Is Peanut Butter Healthy?

Whether you loved getting peanut butter and jelly sandwiches in your lunchbox, or slathering PB on top of celery sticks for an after-school snack, you probably had your first encounter with peanut butter as a kid (after all, the average American kid eats 1,500 PB&J sandwiches before graduating high school!) But does good ol’ PB still score a spot in a healthy adult diet?  

I tapped our nutritionist, Brierley Horton, MS, RD, to find out how healthy peanut butter is, and whether or not we should be eating the creamy spread on a regular basis.

Eating healthy should still be delicious.

How Healthy Is Peanut Butter?

Peanut butter, when made naturally, is just peanuts that are roasted and pureed into a spread. However, many commercial PBs in the store have added sugar and oils. You can tell if you’re buying natural peanut butter because the ingredients label will only list peanuts, and maybe a little bit of salt.

Brierley Horton, MS, RD says, “Peanut butter is a healthy and delicious choice to bulk up a snack or a sandwich, but it’s also one of those foods where you want to read the ingredient list. Some peanut butters can be a sneaky source of added sugars and sodium.”

To find the healthiest store-bought peanut butter, Horton says, look for one with the least amount of sugar and salt added—but make sure it’s one you still like! Horton says, “Some people love straight-up ground peanuts, but others need a little sugar or salt added and that’s OK.”  

Peanut Butter Nutrition

According to the USDA, each two-tablespoon serving of creamy peanut butter has:

Saturated Fat3.5g
Monounsaturated Fat8.3g
Polyunsaturated Fat4g

As you can tell from these nutrition facts, peanut butter has quite a bit of fat. However, most of the fat in peanut butter comes from monounsaturated fat (the same kind of “good” fat that’s found in olive oil.) It’s important, however, to keep portion sizes in check because there’s also a bit of saturated fat, which may contribute to cardiovascular disease if eaten in large quantities.

Horton says, “Peanut butter mostly gets recognized for the fat, protein, and fiber content. While it gets a great grade for how it ranks in those departments, you should also know that peanut butter delivers other key nutrients like potassium, phosphorus, magnesium, manganese, vitamin E, and folate.”

So even though PB has quite a bit of fat, Horton gives it a thumbs up for snacking on in moderation. She also notes that peanut butter also has quite a bit of plant-based protein, making it a good option for vegetarians and vegans.

Peanut Butter and Health

Peanut butter and diabetes

Peanut butter has some pretty interesting health benefits. The spread is high in oleic acid (a healthy fat also present in olive oil), which has been shown to improve insulin sensitivity in people with diabetes. Additionally, one observational study showed that women who ate a serving of peanut butter five times a week had a 21 percent lower chance of developing type 2 diabetes.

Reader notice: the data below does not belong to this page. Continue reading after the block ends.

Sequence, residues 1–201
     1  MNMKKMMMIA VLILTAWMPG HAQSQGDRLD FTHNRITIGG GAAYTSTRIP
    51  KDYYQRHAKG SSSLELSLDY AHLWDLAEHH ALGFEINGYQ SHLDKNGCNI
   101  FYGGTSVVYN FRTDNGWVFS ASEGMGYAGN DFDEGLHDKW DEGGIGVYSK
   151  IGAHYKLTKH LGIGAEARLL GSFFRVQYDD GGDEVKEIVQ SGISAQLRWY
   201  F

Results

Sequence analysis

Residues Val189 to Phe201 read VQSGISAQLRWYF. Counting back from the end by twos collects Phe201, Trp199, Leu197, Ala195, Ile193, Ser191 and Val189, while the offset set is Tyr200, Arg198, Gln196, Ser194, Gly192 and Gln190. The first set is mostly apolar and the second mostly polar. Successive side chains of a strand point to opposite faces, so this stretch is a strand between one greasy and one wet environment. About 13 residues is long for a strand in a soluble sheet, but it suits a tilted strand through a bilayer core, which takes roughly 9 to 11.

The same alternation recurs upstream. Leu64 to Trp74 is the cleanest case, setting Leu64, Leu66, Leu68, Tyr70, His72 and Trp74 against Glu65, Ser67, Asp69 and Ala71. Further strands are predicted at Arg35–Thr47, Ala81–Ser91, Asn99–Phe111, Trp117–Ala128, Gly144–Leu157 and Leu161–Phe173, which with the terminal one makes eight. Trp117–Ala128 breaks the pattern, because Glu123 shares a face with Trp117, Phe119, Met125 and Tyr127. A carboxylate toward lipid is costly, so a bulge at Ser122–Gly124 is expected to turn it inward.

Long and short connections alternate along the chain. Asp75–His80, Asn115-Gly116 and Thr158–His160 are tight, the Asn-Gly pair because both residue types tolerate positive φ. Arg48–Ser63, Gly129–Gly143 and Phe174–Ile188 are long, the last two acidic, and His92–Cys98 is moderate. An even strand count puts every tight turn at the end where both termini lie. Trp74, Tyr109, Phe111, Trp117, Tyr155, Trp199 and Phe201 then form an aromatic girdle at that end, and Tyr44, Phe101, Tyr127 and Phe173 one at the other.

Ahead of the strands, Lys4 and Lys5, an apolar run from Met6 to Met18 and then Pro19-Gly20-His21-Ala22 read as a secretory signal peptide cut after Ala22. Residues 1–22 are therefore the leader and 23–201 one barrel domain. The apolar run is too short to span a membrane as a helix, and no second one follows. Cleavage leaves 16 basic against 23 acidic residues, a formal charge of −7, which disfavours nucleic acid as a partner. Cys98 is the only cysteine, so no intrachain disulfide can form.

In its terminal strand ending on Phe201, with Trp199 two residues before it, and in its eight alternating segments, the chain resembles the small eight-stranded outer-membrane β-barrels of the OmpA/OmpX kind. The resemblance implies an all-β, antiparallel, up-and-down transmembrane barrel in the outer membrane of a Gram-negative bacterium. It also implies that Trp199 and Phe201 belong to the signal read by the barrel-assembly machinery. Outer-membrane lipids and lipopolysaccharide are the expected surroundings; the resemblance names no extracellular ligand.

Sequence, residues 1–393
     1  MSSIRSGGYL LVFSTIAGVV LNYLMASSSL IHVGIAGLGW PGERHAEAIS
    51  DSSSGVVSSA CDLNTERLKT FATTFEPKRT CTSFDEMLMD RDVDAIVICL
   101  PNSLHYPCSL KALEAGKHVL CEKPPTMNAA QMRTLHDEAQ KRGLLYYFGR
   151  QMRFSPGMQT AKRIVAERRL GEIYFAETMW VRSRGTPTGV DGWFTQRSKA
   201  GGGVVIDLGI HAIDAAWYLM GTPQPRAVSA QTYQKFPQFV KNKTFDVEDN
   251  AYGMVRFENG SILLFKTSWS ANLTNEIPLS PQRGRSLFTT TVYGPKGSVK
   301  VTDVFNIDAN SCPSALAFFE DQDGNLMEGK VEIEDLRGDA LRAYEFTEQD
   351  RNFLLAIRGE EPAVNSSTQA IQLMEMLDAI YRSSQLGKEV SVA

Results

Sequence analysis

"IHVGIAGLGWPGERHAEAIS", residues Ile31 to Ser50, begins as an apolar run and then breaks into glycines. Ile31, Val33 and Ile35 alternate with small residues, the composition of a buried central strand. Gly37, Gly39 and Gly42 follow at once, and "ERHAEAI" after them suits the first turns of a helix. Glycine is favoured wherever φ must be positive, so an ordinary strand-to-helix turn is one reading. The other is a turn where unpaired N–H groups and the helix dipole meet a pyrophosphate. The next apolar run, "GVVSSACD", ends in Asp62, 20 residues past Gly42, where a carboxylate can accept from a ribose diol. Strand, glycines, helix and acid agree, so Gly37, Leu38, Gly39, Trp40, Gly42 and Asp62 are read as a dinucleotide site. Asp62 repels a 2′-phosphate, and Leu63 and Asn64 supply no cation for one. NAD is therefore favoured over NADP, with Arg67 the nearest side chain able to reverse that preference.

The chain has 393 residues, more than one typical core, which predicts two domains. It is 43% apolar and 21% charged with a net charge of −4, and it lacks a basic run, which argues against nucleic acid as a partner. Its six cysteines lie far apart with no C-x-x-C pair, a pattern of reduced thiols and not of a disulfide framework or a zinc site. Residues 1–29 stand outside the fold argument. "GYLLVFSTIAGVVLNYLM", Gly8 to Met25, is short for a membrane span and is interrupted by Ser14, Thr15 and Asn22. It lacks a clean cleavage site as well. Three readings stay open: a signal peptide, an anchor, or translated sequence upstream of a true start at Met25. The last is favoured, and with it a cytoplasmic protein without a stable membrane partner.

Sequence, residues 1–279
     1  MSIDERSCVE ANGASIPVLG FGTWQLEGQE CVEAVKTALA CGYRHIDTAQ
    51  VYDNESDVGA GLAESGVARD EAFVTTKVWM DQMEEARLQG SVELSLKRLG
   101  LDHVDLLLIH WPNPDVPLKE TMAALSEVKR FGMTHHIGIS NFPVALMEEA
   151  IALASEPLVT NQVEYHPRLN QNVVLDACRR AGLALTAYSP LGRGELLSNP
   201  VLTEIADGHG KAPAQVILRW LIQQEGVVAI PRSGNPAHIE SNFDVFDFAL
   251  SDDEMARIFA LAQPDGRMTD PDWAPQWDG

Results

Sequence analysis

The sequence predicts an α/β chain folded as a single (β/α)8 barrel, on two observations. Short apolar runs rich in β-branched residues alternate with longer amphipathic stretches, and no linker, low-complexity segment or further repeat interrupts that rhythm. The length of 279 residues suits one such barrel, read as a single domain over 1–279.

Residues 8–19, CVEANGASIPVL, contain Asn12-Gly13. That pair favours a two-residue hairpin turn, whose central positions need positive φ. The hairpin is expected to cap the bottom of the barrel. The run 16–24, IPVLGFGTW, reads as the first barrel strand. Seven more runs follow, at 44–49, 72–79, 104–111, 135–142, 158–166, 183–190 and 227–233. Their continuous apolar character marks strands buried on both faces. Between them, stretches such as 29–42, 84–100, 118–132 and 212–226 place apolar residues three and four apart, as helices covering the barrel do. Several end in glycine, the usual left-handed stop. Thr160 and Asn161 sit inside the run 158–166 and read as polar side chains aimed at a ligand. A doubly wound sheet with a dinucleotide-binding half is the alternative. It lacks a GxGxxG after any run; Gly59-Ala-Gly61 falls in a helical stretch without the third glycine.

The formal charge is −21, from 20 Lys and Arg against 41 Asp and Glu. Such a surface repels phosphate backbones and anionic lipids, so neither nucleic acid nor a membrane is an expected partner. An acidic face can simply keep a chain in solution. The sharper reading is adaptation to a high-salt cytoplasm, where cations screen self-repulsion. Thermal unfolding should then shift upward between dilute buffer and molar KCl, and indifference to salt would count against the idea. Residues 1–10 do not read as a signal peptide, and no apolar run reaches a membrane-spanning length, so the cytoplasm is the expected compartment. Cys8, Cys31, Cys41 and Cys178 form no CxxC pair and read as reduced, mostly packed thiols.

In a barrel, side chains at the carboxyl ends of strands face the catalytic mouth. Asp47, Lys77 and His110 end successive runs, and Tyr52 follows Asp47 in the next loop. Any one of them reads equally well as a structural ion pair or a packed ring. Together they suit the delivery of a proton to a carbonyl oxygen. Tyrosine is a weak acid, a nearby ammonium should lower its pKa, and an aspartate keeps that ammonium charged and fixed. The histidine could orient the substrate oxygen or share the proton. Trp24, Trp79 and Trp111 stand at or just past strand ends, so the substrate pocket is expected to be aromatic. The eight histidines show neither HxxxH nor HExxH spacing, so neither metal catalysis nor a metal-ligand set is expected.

Peanut butter and weight loss

PB might not be the first snack you think of if you’re trying to lose weight, but it could be helpful: one 2009 study showed that women who ate nuts regularly over 8 years gained less weight and were less obese than their counterparts who rarely or never ate nuts or nut butters.

However, it’s worth noting that eating peanut butter for weight loss largely depends on the application. For example, a tablespoon or two of peanut butter smeared on apple slices is obviously going to be healthier than a chocolate-covered peanut butter cup.

Horton says, “The great thing about peanut butter is that it can be incredibly filling—thanks to its fat, protein, and fiber content—and a little goes a long way, so it’s actually a great food to incorporate into your diet if you’re trying to lose weight. Just be mindful of how much of it you’re eating because the calories can add up quickly if you’re the type to dip a spoon straight into the jar.”

Peanut butter allergies

It’s also worth mentioning that peanuts are one of the eight major allergens. According to Food Allergy Research & Education, peanut allergies have more than tripled since 1997 and they can be life-threatening to kids and adults who smell, breathe, touch, or eat the legume. If you think you might be allergic, but you’re not sure, ask your doctor to test you.

Related: Immunotherapy May Not Work So Well for Peanut Allergies After All

The Bottom Line

Peanut butter can be a totally healthy option—especially if you choose a brand that’s lower in sugar, sodium, and oil; watch your portion sizes; and use it in healthy foods and recipes (read: don't just eat peanut butter cups).

The trick to enjoying healthy peanut butter is finding the perfect one for you! Branch out from that store brand and try making your own PB at home, or grinding your own natural nut butter at Whole Foods. And don’t feel like you have to limit yourself to peanuts—almonds, hazelnuts, and sunflowers make absolutely delicious butters, too.

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